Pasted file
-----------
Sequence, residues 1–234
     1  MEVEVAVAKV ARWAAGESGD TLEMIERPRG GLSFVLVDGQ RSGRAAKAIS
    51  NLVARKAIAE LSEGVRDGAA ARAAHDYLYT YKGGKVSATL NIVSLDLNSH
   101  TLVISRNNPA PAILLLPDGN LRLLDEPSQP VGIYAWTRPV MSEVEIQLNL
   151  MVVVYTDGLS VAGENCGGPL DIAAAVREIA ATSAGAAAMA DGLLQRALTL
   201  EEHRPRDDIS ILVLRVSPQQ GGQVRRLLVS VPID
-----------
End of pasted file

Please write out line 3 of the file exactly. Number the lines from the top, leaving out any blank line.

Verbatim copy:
    51  NLVARKAIAE LSEGVRDGAA ARAAHDYLYT YKGGKVSATL NIVSLDLNSH